In iteroparous organisms, the timing of reproduction varies greatly and reproduction may be intermittent. Here, we investigate the proximate determinants of intermittent breeding and their evolutionary significance in a viviparous snake, the meadow viper Vipera ursinii ursinii. We used individual life-history data collected over a 28-year capture-mark-recapture field study. Among viviparous snakes, the meadow viper's almost exclusively insectivorous diet is remarkable. Breeding females maintain substantial foraging activity during gestation. The life cycle is iteroparous, and female breeding frequency is essentially biennial. Breeding status is strongly associated with a threshold on female body condition prior to vitellogenesis. Non-breeding females grow and store fat reserves needed for future reproduction. Breeding females convert reserves into eggs, the number of which is determined by maternal size and body condition prior to vitellogenesis. During pregnancy, females stop growing. Females survive breeding and non-breeding years with equal probabilities. Our results suggest that income resources during pregnancy are used to fully cover the costs of gestation. Integration of our data into a matrix population model allowed us to relate breeding pattern to fitness. According to the model, biennial breeding is strongly favoured by natural selection if consecutive breeding decreases maternal survival and/or fecundity. Growth cessation during breeding years generates weak selection pressures for intermittent breeding.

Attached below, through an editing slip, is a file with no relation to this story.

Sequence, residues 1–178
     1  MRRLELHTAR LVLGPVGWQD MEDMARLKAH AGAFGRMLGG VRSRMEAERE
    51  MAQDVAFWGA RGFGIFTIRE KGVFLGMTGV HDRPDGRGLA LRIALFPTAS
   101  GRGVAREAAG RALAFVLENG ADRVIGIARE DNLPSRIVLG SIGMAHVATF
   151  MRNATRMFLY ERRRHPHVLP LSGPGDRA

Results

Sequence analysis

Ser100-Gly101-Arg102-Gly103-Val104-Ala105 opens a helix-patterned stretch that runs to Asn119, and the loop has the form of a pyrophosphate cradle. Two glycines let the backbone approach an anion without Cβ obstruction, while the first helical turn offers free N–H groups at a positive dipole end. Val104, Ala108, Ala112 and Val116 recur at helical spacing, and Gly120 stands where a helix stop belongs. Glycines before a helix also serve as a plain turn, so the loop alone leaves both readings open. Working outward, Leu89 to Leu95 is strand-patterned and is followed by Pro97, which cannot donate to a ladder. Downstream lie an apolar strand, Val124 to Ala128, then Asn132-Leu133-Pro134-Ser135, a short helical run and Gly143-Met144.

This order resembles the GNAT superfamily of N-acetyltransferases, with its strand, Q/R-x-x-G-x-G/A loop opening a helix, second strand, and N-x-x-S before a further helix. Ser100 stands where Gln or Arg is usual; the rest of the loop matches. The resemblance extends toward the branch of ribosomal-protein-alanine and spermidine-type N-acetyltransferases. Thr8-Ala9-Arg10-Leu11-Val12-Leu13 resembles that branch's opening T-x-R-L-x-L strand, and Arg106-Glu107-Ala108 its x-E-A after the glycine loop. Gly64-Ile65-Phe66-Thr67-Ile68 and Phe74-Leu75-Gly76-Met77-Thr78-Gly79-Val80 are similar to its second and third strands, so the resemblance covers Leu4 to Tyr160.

- Life-history trade-offs
- Reproductive investment
- Temporal variation
ASJC Scopus subject areas
- Ecology, Evolution, Behavior and Systematics